May 2013: European Journal of Heart Failure
Seo-Kyung Chung, Anna Bode, Thomas D Cushion, Rhys H Thomas, Charlotte Hunt, Sian-Elin Wood, William O Pickrell, Cheney J G Drew, Sumimasa Yamashita, Rita Shiang, Steffen Leiz, Ann-Carolyn Longardt, Ann-Carolyn Longhardt, Vera Raile, Bernhard Weschke, Ratna D Puri, Ishwar C Verma, Robert J Harvey, Didi D Ratnasinghe, Michael Parker, Chris Rittey, Amira Masri, Lokesh Lingappa, Owain W Howell, Jean-François Vanbellinghen, Jonathan G Mullins, Joseph W Lynch, Mark I Rees
Glycinergic neurotransmission is a major inhibitory influence in the CNS and its disruption triggers a paediatric and adult startle disorder, hyperekplexia. The postsynaptic α(1)-subunit (GLRA1) of the inhibitory glycine receptor (GlyR) and the cognate presynaptic glycine transporter (SLC6A5/GlyT2) are well-established genes of effect in hyperekplexia. Nevertheless, 52% of cases (117 from 232) remain gene negative and unexplained. Ligand-gated heteropentameric GlyRs form chloride ion channels that contain the α(1) and β-subunits (GLRB) in a 2α(1):3β configuration and they form the predominant population of GlyRs in the postnatal and adult human brain, brainstem and spinal cord...
March 1, 2013: Human Molecular Genetics
Dale C Hesdorffer, Torbjorn Tomson
Among people with epilepsy, there is a 20-fold higher risk of dying suddenly and unexpectedly compared with the general population. This phenomenon is called sudden unexpected death in epilepsy (SUDEP) and the term is used when sudden death occurs in an otherwise reasonably healthy person with epilepsy and the autopsy is unrevealing. In most cases, SUDEP occurs during sleep and is unwitnessed. Risk factors for SUDEP include the presence or number of generalized tonic-clonic seizures (GTCS), nocturnal seizures, young age at epilepsy onset, longer duration of epilepsy, dementia, absence of cerebrovascular disease, asthma, male gender, symptomatic aetiology of epilepsy and alcohol abuse...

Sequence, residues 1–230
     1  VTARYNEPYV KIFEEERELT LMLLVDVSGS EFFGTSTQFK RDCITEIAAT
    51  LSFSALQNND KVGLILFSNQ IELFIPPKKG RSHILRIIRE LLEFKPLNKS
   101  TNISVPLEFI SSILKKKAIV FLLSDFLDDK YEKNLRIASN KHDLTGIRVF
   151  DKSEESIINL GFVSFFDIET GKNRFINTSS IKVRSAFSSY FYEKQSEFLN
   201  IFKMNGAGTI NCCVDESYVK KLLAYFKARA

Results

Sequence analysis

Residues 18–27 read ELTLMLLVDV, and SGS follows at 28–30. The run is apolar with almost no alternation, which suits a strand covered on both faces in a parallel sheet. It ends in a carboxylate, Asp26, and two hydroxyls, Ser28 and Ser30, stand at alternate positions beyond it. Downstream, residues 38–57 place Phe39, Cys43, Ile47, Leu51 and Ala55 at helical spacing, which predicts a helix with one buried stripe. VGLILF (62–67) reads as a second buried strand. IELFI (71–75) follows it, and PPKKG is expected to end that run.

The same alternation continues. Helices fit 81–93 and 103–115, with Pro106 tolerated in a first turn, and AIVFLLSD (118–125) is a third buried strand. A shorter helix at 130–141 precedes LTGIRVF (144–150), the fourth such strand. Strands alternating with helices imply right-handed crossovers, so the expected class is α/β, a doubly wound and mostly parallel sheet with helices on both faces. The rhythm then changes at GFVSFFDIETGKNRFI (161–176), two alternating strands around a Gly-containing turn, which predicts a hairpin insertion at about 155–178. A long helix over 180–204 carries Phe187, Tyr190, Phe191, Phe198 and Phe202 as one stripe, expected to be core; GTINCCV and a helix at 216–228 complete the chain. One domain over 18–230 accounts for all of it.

February 2013: CNS Drugs
Ahmed Fahim, Anthony O C Johnson
Sleep apnoea is a common disorder with significant morbidity. It is categorised into obstructive and central sleep apnoea. There are a variety of conditions associated with central sleep apnoea ranging from cardiac failure to structural brain anomalies. We herein report a case of 57-year-old woman with Chiari malformation associated with significant sleep-disordered breathing. There was a family history of Chiari malformation. Although neurosurgical intervention had a significant impact on apnoea hypopnoea index (AHI) with a reduction from 81/h preoperatively to 22...
2012: BMJ Case Reports
David Schurter, Julia Braun, Rolf Jenni, Bernd Van Der Loo